Too good a picture not to post.
Other than playing with the new drone Deb got me for Christmas this morning, today has been pretty much a work day. It wasn’t really planned to be, but last night turned into a bit of a project.
Nothing surprising here, just life as it is on a boat! Read on if you are interested in a bit of cruising reality. It’s not all beaches and history lessons…
Last week, I followed through on a project that I’d been putting off for years, and replaced the membrane filter in our water maker. I was terrified to commit to this project, because I knew that if I screwed it up the water maker would be toast, and I’d be carrying jugs of water out to the boat for months.
Well, the actual process of changing the membrane turned out to be fairly simple. Once completed the water maker was up and running and the quality and quantity produced was far superior to where we started.
But…during the week that followed, I noticed that the quality of the water being produced was degrading rapidly. At first, I ignored it. Naturally. But, with each day the problem seemed to become worse and finally last night I decided to track the issue down. It wasn’t where I thought it would be…
The membrane and all connections check out fine. The voltage (especially with the engine running – we’ll get back to this later.) was fine. But, I did notice an unrelated issue where air was being sucked in through the service port?? This was strange since valves were positioned so that this service port should be totally out of the picture. But, what happens when your salt water supply valve get partially clogged?? Well, the feed pumps don’t slow down, so they keep sucking and if they can’t get enough water, then they start testing the rest of the system to see what they can pull it. Air in this case!!
The salt water supply valve clog was where I ended up, not where I started by a long shot. It certainly was the problem and my watermaker started putting out perfect water as soon as I fixed it. But, it took a couple of hours to track it down and fix it.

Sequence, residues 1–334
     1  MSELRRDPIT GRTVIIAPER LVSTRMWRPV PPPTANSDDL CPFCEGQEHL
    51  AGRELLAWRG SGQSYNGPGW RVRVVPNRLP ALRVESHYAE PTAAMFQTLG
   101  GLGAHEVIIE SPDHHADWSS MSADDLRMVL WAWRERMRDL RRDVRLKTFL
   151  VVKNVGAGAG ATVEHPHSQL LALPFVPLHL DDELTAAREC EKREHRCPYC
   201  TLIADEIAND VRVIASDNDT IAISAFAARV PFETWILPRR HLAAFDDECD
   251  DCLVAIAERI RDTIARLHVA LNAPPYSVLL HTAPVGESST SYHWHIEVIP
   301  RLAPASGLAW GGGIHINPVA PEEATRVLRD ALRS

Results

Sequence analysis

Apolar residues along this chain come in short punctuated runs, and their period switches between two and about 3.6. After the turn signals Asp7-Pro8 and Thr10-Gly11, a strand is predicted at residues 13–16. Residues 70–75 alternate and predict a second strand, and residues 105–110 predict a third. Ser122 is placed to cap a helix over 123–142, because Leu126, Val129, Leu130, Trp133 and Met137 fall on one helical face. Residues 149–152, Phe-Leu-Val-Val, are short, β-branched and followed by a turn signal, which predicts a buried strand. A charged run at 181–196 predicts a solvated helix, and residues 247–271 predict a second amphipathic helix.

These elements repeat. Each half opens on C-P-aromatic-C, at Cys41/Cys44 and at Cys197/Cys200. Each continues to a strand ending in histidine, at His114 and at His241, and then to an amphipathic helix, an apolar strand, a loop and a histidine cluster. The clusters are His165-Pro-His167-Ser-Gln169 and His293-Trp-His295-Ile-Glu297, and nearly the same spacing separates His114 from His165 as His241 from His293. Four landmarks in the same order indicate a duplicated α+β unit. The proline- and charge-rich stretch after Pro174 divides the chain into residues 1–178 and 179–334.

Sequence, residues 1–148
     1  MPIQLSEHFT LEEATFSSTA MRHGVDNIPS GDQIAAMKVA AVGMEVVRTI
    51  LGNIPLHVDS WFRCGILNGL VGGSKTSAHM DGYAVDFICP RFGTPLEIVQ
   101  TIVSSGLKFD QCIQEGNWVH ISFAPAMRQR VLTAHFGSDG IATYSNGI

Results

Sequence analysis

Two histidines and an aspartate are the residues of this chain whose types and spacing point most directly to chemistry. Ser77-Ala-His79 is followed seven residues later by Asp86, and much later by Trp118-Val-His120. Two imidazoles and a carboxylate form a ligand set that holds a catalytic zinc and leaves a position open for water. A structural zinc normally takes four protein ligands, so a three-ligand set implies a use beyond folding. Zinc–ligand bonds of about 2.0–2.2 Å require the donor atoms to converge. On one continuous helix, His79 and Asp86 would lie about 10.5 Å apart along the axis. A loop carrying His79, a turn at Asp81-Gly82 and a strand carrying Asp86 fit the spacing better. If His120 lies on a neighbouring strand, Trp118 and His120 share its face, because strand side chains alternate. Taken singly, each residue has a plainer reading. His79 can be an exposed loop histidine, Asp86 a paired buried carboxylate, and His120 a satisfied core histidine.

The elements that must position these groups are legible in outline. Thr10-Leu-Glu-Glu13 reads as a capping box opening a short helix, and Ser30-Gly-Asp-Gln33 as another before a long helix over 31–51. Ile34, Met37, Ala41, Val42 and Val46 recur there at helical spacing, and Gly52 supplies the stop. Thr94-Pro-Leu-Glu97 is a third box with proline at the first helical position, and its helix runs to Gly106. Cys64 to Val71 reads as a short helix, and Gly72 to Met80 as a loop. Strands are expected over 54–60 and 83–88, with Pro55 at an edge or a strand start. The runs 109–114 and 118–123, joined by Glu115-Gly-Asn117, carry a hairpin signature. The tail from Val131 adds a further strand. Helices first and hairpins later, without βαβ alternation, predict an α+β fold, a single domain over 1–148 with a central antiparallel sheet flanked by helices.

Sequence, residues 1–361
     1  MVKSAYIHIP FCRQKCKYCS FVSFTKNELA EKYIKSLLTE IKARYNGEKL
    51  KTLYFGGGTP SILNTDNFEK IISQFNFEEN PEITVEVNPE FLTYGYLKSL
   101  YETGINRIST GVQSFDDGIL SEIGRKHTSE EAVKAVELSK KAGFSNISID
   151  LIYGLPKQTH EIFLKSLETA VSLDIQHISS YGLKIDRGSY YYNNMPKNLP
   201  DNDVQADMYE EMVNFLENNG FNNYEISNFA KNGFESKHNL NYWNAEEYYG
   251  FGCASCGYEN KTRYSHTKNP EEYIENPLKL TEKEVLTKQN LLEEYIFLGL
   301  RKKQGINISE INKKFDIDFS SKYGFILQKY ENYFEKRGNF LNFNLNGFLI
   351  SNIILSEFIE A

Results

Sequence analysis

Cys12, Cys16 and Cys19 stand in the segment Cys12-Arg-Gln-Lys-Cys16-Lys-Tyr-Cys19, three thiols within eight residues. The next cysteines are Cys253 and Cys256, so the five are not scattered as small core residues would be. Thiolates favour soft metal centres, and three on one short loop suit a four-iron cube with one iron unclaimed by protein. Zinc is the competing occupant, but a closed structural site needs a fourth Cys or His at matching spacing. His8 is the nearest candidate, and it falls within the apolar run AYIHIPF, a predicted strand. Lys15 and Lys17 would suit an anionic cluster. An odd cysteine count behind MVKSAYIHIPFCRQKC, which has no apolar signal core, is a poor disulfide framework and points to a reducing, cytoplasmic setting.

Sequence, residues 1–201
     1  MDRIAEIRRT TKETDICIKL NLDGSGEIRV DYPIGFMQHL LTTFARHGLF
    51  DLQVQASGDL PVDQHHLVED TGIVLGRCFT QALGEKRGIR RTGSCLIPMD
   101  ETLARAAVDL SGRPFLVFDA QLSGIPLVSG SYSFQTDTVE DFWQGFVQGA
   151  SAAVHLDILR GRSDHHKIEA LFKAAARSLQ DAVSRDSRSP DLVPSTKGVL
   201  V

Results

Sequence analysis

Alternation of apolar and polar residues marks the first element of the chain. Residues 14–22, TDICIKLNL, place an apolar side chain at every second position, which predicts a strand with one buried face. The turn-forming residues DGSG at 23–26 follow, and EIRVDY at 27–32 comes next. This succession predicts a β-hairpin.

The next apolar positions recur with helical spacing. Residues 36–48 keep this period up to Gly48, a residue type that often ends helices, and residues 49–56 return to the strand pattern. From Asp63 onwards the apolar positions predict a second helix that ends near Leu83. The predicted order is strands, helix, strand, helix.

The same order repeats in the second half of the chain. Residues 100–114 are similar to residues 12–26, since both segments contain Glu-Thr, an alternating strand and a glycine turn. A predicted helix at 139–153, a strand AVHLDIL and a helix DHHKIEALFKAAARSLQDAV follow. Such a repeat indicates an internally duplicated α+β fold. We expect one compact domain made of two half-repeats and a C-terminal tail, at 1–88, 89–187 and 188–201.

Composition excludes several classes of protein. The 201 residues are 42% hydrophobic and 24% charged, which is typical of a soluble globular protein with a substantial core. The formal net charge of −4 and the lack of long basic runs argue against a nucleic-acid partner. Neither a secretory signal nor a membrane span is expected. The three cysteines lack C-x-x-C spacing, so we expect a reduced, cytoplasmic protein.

I spent a ton of time working backwards from the feed pumps trying to locate the problem. This is where the the “engine running” part enters the story.
Hot Water Heater Failure
So, if I had two minutes to celebrate my victory over the watermaker I would be surprised. Half way to the icebox for a celebratory beer, and suddenly the water pressure pump starts running and no pressure in the fresh water system. Ah…these greek gods are messing with me!!
Again, we started with the wrong assumption. No pressure in the pump normally means no water in the supply tank. But…we checked and the tank was at least 1/2 full. Now what?? Maybe the pump is shot?? Pull it apart, check pressure and suction side. All good!
Right about then the bilge pump starts running!! (Notice all of these issues are water related.) Ah! The light bulb comes on. I’ve seen this picture before. And yes, a quick trip aft to check the aft locker below deck confirms that what is supposed to be a dry area, is now full of five gallons of steaming hot water and then some additional cold water as well.
What happened? Well, we ran the engine for two hours. When the engine runs we make hot water. The hot water tank hoses are reinforced rubber and are pressurized. Unfortunately, one particular hose seems to have reached its end of life time. With the extra hot water from the engine it failed, and failed spectacularly. There was water everywhere!
Temporary repair was easy, just cut two inches off the bad end of the hose and re-attach. I know this is not a “fix”. Hopefully, this repair will hold until we can get a new hose.
Once the water system all came back online, I finally made it to that celebratory beer. The only problem left was that I was in serious need of a shower and of course there was no hot water!!
We arrived back in the main harbor of Paros on October 6th at about 4pm from the island of Sifnos, where we spent the previous night. We quickly learned that no ferry leaving the next day would get Deb to where she neededto be.
So, in less than an hour she packed her bags, purchased a ticket for the 6:15pm ferry and we said goodbye.
She arrived in Pareaus at 1130pm and Uber’ed to Athens where she stayed in the same hotel that Suzanne Richman had stayed in last month.